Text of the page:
If I had to name one Perth restaurant as my favourite, it would be Nine Fine Food on the corner of Lake and Bulwer Streets in Northbridge. Every time I have dined here over the past few years I have been struck with how consistently well presented and delicious each dish has been. In fact, the only two things I can fault with the restaurant are the less-than-glamorous toilets and the one time that my dining partner and I were aurally assaulted by a fellow diner keeping himself amused whilst waiting for his food by tapping his metal chopsticks together over and over and over… Oh, and one time I was there we were in such a daze from the dishes we accidentally left our wine cooler bag behind and never got around to picking it up again, so perhaps you shouldn’t be going here if you are a Forgetful Jones and were thinking of taking your favourite jacket or bag.
This was actually meant to be a review of Nahm Thai, also located on Bulwer St a (very girly) stone’s throw from Nine. However after calling Nahm to make a reservation I discovered that they have a set menu on Friday and Saturday nights, which if I recall correctly is $65 per person. Given that some online reviews of Nahm suggested that the food takes some time to come out, and that our dinner on this particular night was not going to be overly leisurely as my friend and I had a cocktail party to get to, we decided that perhaps a $65 dinner that would have us eating at least three courses (more by the time we shared dishes) was not the best idea and we may have paid for this decision by missing out on valuable bar tab time at the cocktail party.
There was a small moment of disappointment when I called Nine on Friday afternoon to book a table for 6pm on Saturday and was told they were fully booked, but after promising to have the table free by 8pm we were granted a table. Huzzah! So, first lesson in eating at Nine – book ahead! Not really necessary on weeknights, but in my experience it is essential to book for Saturday nights. I have been disappointed on two occasions when trying to organise an impromptu dinner for non-Nine-knowing friends and being thwarted by my lack of foresight.
Another thing to mention while I think of it – Nine is only BYO, a fact which they remind you of when you make a reservation and again when they call you on the day to confirm your booking (even if you only called to book the day before). So if you are planning to pair your fabulous Japanese fusion meal with some alcohol, you’ll need to take it with you.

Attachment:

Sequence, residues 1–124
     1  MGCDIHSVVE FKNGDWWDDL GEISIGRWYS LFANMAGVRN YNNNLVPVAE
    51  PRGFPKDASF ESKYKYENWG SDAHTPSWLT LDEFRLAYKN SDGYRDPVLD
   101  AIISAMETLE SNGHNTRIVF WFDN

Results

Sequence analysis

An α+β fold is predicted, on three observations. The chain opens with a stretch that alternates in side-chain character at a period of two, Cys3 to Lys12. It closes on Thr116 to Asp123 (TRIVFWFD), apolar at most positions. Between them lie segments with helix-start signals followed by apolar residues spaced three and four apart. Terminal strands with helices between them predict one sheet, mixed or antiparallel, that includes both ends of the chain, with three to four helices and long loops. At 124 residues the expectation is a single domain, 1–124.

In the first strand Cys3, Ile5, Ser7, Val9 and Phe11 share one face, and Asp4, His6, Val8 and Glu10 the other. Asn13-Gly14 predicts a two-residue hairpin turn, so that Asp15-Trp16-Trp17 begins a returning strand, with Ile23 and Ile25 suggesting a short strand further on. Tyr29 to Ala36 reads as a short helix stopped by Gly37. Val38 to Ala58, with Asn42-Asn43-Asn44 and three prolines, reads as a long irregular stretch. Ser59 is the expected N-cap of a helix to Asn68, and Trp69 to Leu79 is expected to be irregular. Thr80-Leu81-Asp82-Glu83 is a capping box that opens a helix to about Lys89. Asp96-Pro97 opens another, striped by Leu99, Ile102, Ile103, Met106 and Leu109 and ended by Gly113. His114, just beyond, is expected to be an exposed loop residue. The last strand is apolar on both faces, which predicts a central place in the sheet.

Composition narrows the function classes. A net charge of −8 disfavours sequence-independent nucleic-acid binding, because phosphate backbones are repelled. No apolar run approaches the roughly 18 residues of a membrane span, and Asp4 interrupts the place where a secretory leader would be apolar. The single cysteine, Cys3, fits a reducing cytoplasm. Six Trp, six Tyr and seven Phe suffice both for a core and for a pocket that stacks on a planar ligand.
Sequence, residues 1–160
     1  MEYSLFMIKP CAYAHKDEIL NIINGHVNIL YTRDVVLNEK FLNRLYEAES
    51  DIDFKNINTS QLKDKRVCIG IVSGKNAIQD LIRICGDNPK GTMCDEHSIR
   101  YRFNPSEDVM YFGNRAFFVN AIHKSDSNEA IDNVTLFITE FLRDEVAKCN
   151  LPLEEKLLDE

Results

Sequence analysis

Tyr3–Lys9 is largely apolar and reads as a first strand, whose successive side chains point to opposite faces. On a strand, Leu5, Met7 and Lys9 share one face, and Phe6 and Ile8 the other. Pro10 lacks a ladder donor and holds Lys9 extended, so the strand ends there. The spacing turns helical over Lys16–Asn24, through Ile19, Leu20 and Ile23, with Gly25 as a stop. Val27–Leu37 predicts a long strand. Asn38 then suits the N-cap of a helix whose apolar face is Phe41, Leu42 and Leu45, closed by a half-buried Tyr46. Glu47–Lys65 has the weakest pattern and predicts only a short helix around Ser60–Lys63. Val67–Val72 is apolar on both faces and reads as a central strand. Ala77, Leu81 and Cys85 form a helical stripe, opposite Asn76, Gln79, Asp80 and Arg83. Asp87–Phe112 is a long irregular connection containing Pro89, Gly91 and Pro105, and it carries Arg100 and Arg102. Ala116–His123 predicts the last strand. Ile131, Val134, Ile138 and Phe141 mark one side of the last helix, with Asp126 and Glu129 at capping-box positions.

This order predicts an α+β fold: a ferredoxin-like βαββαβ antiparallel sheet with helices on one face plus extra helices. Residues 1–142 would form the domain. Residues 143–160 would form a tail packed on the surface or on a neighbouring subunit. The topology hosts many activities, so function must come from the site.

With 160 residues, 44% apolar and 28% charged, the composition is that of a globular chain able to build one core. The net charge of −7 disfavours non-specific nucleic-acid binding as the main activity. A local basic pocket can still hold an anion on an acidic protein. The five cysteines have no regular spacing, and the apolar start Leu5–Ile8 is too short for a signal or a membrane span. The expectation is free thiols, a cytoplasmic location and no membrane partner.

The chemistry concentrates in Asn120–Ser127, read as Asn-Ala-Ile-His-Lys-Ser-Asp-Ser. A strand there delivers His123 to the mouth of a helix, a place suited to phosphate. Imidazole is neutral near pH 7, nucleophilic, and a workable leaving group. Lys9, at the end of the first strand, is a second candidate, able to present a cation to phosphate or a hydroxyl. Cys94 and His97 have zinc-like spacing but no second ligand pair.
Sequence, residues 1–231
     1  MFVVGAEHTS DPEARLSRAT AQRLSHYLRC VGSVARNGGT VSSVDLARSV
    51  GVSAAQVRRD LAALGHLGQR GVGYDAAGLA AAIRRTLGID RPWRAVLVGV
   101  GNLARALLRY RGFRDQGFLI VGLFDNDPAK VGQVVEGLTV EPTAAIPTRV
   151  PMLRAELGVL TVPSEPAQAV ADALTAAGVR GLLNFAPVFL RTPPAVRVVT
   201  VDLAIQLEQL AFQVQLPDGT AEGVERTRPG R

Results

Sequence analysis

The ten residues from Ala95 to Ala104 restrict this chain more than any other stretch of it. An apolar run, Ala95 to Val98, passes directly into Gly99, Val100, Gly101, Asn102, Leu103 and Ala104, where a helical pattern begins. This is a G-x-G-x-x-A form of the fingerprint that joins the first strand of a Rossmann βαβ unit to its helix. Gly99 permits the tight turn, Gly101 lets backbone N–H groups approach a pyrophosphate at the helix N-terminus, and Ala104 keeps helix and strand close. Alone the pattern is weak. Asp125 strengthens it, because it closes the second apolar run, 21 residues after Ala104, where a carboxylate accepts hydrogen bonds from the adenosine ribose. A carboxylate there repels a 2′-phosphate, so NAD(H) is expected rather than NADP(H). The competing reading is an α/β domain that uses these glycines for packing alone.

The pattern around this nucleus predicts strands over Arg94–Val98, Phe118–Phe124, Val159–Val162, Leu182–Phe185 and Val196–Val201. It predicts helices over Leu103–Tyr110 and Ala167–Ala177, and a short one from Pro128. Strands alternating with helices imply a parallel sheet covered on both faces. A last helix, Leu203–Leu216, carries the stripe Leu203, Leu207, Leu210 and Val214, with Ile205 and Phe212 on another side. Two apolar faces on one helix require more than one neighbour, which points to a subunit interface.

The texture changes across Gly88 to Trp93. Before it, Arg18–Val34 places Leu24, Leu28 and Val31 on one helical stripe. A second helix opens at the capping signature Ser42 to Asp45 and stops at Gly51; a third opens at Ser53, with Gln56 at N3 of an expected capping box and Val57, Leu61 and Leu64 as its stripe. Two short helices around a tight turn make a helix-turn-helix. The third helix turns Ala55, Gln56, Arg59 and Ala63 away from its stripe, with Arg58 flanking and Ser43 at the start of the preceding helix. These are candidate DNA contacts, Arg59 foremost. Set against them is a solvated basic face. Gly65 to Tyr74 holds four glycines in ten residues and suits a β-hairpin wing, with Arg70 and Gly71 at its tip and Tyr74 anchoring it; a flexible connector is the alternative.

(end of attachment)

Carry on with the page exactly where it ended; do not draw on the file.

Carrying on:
The decor of Nine is nicely understated – mood lighting, dark warm colours, some Japanese style floral arrangements. The tablecloths are made of leather, which I don’t recall seeing elsewhere and I think is a great idea. It feels nice to lean on, has a bit of grip to it and cleans easily when you’ve had a chopstick related mishap. Not that I would ever experience such a thing but I could imagine that it would be useful in this manner. Yes.
The specials at Nine are always displayed on two blackboards on one side of the dining room, and always described to you by your waiter. There always seems to be at least one tasting plate special – one hot and sometimes one cold. These are a great option for a shared entrée, as my friend and I chose to do this time. Last time I was there was with 3 friends, so we went for the hot tasting plate and the “Sashimi Nine Style” to share as an entrée. The actual menu also has the option of paying (I think) $55 per person and choosing from a couple of options for entrée, main and dessert. They also now have an “Omakase” option for (I think!) $70 where you essentially trust the chef to give you a number of tasty courses. Not sure how many courses exactly, but I know that I trust the chef at Nine and thus will happily put myself in their hands next time I am there.
The hot tasting plate on this occasion consisted of (starting from the bottom of the picture) seared tuna on little dollops of creamy sauce, chicken karaage, marinated beef with scallops, Japanese omelette, tempura prawns, tempura barramundi fillets and barramundi mash (all sitting on a little sauce).
The tuna was perfectly cooked, with a wonderful texture. The best of both worlds – a lovely seared outer layer with a beautifully soft rare centre. The outer crispy fried deliciousness of the chicken karaage was perfectly complemented with the tender meat inside. I am sometimes disappointed with chicken karaage (on the rare occasions I allow myself the guilty pleasure of eating it, most often after my sister has twisted my rubber arm) when all you seem to get is the fried fat and no decent amount of chicken. At least when you have a good mouthful of meat inside you’re able to somehow justify eating it by telling yourself you’re getting some protein.